Doggonit, Give Me Some Directions that Make Sense

            I’m not good with directions.  In fact, I’d have to improve considerably to even be bad.  Useless terms like left, right, North, South, East, and West annoy me.  If people actually expect me to get somewhere, they need to be more specific.  “Turn off the interstate at exit 5.  Go the opposite direction you’ve been going and go three streets past Brookshire’s.   Drive just a minute or so and you’ll see a restaurant with the big cow in the parking lot.  Don’t turn there.  Drive to the next red light and turn on the street that turns between the WaWa and that hardware store with the inflatable lumberjack.  Watch for the ugly house with the silk flowers in the bucket of that tacky wishing well.  Pass it up, but now you need to start driving pretty slow.  You’ll see a big, old white house with a deep porch and all those ferns, kind of like the one Grandma lived in at Houston, the one where the woman living upstairs tossed her dirty mop water out on my head when I was sitting on the sidewalk playing. Boy, did Grandma have something to say to her!  Remember, it was just across the street from that big, old funeral home.   I just love those old houses, but I’ll bet they are expensive to heat.  About six houses down on the other side, there’s a little, blue house. I believe it used to be gray. If you look hard, you’ll see an old rusted out 1950 GMC like Aunt Ada and Uncle Junior used to drive, up on blocks way off to the side of the shed.  Remember how they used to toodle around with all those mean boys bouncing like popcorn in the back?  Anyway, our house is the yellow one with the big shade trees just across from it.  You can’t miss it. There’s a bottle tree out front.”

            Now I can’t miss with those directions.

It Couldn’t Be Helped Part 3

Mother is sensitive about her height.  For some reason, people feel free asking her how tall she is.  She dodges the issue by returning with a question,  either, “How much do you weigh?”  or “How much money do you have?”  By the way, she is not tall.  Most of her grandchildren pass her up by the time they are ten or eleven.  I was with her on a recent visit to her doctor when the nurse asked her height.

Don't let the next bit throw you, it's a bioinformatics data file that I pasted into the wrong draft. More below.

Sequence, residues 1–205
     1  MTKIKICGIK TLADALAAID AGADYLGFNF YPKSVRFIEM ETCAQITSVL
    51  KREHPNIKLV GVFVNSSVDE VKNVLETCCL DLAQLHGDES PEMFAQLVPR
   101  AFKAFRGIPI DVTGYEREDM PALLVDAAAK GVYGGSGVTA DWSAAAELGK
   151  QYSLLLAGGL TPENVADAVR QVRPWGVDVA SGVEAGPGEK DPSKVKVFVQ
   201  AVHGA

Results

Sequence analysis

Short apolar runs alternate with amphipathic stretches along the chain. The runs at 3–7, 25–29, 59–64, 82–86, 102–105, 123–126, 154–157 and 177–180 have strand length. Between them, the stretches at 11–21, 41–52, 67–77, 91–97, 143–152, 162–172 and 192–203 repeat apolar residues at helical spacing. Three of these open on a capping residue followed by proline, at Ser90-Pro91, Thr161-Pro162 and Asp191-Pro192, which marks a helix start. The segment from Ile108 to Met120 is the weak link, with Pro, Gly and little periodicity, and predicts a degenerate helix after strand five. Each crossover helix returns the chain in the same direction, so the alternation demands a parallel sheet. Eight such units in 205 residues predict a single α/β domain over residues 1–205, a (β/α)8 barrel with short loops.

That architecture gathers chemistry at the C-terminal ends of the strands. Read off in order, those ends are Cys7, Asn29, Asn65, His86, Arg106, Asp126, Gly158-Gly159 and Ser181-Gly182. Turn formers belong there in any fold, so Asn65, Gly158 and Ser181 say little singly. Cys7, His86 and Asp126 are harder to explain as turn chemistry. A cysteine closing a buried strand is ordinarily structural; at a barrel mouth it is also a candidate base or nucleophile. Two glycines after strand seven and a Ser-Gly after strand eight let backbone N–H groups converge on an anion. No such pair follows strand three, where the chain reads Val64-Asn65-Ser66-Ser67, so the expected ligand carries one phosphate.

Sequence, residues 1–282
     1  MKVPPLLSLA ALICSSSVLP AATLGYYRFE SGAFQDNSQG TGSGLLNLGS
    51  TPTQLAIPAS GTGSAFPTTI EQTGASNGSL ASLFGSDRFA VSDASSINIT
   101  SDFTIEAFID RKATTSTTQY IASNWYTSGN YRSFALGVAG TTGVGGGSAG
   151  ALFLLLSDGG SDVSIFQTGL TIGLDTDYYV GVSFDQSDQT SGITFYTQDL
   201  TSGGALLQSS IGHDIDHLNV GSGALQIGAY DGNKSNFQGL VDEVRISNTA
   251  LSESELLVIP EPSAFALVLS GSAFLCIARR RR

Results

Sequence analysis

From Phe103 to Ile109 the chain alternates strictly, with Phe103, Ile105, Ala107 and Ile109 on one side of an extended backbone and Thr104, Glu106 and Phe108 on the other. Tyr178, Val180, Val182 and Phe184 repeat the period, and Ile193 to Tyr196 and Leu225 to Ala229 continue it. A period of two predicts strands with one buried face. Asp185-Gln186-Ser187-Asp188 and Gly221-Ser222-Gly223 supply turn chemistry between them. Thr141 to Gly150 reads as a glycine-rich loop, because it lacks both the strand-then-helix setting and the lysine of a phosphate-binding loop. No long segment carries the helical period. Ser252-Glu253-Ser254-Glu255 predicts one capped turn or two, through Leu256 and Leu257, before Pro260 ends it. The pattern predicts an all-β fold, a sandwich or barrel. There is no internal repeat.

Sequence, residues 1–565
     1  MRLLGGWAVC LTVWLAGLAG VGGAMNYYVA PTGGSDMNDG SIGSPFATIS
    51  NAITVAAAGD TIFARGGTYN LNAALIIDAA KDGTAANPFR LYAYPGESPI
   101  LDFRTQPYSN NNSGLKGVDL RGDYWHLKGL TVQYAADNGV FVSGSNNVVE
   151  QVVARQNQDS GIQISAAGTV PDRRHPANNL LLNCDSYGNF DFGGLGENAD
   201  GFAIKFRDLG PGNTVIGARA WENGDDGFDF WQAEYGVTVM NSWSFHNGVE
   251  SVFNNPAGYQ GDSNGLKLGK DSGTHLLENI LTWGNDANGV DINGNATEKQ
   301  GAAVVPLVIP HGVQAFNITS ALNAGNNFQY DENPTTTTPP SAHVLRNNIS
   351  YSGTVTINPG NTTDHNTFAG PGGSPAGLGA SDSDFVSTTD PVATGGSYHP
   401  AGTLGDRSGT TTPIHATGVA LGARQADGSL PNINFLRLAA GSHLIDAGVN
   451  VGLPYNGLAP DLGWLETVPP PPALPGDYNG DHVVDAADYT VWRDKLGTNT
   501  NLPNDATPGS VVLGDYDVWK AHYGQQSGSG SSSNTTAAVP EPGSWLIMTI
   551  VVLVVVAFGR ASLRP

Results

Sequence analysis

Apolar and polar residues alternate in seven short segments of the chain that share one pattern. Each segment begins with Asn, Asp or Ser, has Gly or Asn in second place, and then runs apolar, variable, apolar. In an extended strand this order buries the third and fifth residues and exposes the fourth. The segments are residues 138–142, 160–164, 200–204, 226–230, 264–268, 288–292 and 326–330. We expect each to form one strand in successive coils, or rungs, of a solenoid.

Mother feloniously claimed five foot two inches.  Realizing she was getting nowhere, the nurse took her to measure.  She was busted.

Compounding the issue of her slight build, is her squeaky voice.  She sounds just like Minnie Mouse.  The minute a caller hears her voice, they say, “Oh, hello Mrs. Swain.”  She’d never be able to make crank calls.

Mother was at loose ends one Sunday in June after church so decided to visit The American Rose Center.  As it was already hot that day, she donned her comfortable clothes:  cut off blue jean shorts, (neatly hemmed, starched, and ironed since “her mama raised her right!”) pink gingham shirt, tennis shoes and pink socks that perfectly matched her shirt.  She topped her ensemble off with a big straw sun hat.  She knew she looked cute!

She strolled around for an hour or so, admiring the lovely roses, when she noticed a gathering at a small rustic building.  Thinking there was a “program” of some sort, she decided to check it and cool off for a bit.  Based on the attendance, the program promised to be a good one.  The music was beautiful.  She had to go all the way to the front row to get a seat.  It was a hot day, but she was surprised to see so many hats.  Somehow, she failed to notice the wedding party standing before the altar.

Just about the time she got settled, the organist started playing the “Wedding March.”  It dawned on her that she had crashed a wedding as the usher escorted the groom’s mother to her seat.   Panicked to realize she occupied the seat intended for the bride’s mother, she fled back down the aisle to the giggling of the wedding guests where she was forced to make her way around the mother of the bride on the arm of the usher.  I can only imagine the confusion of the bride as Mother excused herself on the way out.

That was the most unfriendly family she’d ever met.


Kathleen Holdaway and Bill Swain June 29, 1946 on the day of their marriage.